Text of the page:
Downtown Marion to host more events in 2018


For 2018, downtown Marion will host 23 events that will require the closing of city streets. In 2017, Marion had 18 events that required street closings. This photo was taken at last year’s Liver Mush Festival.

For 2018, downtown Marion will host 23 events that will require the closing of city streets. In 2017, Marion had 18 events that closed streets.

“That number is growing every year,” said City Manager Bob Boyette.

At Tuesday’s regular meeting, the Marion City Council approved a list of 22 events in 2018 that will call for the closing of Main and other streets. That list did not include the McDowell High homecoming parade because a date for it has not yet been set.

The list approved by council includes the Carolina Donut Festival (April 21), Marion Cruise-In (April 28), Blue Ridge Recovery Rally (May 19), Memorial Weekend Car Show (May 26), Liver Mush Festival (June 2), Main Street concert (June 15), Marion Cruise-In (June 16), Independence Day celebration (July 4), Main Street concert (July 20), Marion Cruise-In (July 21), National Night Out (Aug. 7), Main Street concert (Aug. 17), Marion Cruise-In (Aug. 18), Bigfoot Festival (Sept. 8), Marion Cruise-In (Sept. 15), Marion/McDowell County 175th anniversary concert (Sept. 28), Mountain Glory Festival (Oct. 13), Halloween Car Show (Oct. 27), Dia de Muertos festival (Nov. 3), Marion Christmas parade (Nov. 18), Melodies on Main (Dec. 6) and the New Year’s Eve celebration (Dec. 31).

Boyette said the Marion Business Association’s calendar lists 32 events such as yard sales, the Marion Comic Con and others that don’t call for the closing of streets. Another event called Marion’s Monsters, Mayhem and Madness will take place in October.

“If Tailgate Market days, bluegrass music at the Depot, Foothills Community Theater plays and scheduled events at private businesses are added, there will be over 200 separate events in downtown Marion in 2018,” he added.

“It is an excellent situation to find ourselves in where we have more events that require the closing of Main Street,” said Mayor Steve Little.

In other business, the Marion City Council:

• Approved the burning of two houses on Sugar Hill Road as part of the McDowell Fire & Rescue College during the weekend of March 16-18. These two houses are located across from the entrance to Rankin Drive and right next to the site for a planned medical office complex. These houses will be burned for firefighter training. “This is one of the best situations they have ever had for training,” said Boyette.

• Recognized CarePartners Hospice & Palliative Care McDowell as one of the contributors for the New Year’s Eve celebration. Meg White, major gifts officer for CarePartners, accepted the certificate from the city of Marion.

• Agreed to change one parking space on South Main Street from a two-hour parking limit to a 30-minute parking space, as requested by a business and to place a no-parking restriction on both sides of Westwood Chateau Drive behind the Lady Marian Plaza. Both changes were recommended by the City Council’s Street Committee (Council Members Don Ramsey and Ann Harkey). The city had recently received a request regarding parking on Westwood Chateau Drive and determined that the existing no-parking signs were not backed up by any rules. Both changes took effect immediately.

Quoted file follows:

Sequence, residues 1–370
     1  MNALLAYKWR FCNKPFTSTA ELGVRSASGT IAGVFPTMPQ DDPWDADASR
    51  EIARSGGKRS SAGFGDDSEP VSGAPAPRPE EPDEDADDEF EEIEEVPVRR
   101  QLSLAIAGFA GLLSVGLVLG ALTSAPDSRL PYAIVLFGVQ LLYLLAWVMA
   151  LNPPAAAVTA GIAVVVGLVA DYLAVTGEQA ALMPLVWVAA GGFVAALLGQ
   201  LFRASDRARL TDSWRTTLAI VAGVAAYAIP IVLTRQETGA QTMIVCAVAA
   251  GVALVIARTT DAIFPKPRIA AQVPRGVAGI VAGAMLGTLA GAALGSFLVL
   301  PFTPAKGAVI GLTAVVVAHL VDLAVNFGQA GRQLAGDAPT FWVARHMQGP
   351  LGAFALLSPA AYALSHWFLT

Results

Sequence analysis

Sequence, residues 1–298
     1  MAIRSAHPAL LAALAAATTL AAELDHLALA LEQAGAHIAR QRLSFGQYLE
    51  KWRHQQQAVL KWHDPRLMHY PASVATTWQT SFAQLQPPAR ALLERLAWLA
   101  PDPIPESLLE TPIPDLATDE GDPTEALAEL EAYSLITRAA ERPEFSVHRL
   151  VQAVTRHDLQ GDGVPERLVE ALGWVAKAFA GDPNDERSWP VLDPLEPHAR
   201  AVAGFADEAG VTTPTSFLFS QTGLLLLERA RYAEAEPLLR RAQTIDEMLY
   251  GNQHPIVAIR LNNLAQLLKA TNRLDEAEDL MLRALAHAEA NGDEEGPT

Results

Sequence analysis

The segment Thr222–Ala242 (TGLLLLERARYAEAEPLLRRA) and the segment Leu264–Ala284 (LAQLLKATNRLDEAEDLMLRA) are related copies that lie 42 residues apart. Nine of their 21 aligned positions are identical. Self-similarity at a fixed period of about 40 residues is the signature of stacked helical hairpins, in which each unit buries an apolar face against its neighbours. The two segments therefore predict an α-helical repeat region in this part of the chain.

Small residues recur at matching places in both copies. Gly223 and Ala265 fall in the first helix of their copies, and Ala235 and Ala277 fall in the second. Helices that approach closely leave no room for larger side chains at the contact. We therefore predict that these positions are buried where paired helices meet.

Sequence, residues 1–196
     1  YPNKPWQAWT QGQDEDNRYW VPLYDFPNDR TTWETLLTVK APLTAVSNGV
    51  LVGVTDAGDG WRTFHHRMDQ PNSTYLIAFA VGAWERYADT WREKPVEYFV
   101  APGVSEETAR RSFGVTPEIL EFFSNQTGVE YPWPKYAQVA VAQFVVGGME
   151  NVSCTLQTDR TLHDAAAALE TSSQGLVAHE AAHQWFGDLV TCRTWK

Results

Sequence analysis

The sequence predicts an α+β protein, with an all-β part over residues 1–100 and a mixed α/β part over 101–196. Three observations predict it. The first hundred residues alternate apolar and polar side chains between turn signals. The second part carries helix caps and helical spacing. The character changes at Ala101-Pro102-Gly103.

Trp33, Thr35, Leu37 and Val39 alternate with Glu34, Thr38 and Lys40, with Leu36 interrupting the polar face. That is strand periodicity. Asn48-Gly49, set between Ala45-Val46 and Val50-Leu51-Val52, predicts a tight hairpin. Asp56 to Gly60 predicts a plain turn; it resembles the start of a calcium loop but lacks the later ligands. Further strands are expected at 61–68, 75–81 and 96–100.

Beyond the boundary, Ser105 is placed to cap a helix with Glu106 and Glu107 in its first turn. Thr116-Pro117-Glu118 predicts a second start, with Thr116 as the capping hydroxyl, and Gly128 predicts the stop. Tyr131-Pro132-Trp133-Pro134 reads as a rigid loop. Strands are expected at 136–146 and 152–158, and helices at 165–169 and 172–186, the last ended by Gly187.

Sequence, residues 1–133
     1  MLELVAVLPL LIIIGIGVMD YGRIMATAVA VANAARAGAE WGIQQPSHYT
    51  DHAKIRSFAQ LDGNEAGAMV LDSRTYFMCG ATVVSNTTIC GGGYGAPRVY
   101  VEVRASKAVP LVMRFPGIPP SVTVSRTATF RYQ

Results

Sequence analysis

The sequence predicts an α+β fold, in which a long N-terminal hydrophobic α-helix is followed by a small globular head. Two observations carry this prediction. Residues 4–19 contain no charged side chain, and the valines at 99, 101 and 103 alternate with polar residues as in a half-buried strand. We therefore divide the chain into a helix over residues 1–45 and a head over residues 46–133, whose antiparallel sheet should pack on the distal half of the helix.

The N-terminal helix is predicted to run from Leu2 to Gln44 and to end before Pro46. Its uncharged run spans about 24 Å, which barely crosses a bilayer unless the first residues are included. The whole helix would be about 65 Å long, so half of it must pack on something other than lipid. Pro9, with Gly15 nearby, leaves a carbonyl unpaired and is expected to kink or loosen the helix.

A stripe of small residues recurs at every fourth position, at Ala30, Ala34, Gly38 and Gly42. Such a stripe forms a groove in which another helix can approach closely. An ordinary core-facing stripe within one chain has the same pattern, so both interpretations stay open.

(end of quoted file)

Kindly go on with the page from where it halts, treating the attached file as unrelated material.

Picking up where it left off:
• Voted unanimously to ask the N.C. Department of Transportation to eliminate right turn on red restrictions at the Main and Court streets and Main and Henderson streets intersections, except for westbound traffic approaching Main Street from East Henderson Street. These restrictions had been put in place many years ago by state DOT at the request of the city. But more recently, Marion officials asked DOT about the possibility of removing the right turn on red restrictions, since it had been determined that this backed up traffic rather than protecting any pedestrians. DOT staff later informed Boyette that the restrictions could be removed, if requested by the City Council, except for westbound traffic approaching Main Street from East Henderson Street, due to visibility issues at that particular location.

• Approved the advertisement of the 2017 delinquent real property taxes on March 28.

• Approved the 2017-2018 city audit contract with Gould Killian CPA group of Asheville. This firm has performed the city’s and the ABC Board’s annual audits for the past three years. Gould Killian CPA will perform the city’s audit for $22,500. The firm will also do the ABC Board audit for $6,100 and this was approved by that board’s members at their January meeting.

• Approved the purchase of a 2018 Ford Escape for the Fire Department. This new vehicle will replace the department’s 2000 Impala. The city will buy the Ford Escape from Modern Ford of Boone at $21,644. This vehicle was found through the N.C. Sheriff’s Association Vehicle Procurement Program. Council also approved the purchase of a 2018 Chevrolet Silverado for the sewer treatment plant. It will replace a 2006 Chevrolet Trailblazer. The city will buy the Silverado from Modern Chevrolet in Winston-Salem at $29,925. This vehicle was also found through the N.C. Sheriff’s Association Vehicle Procurement Program. Both of them came under budget.

• Adjourned the meeting in memory of Nancy Teeter, who recently passed away.

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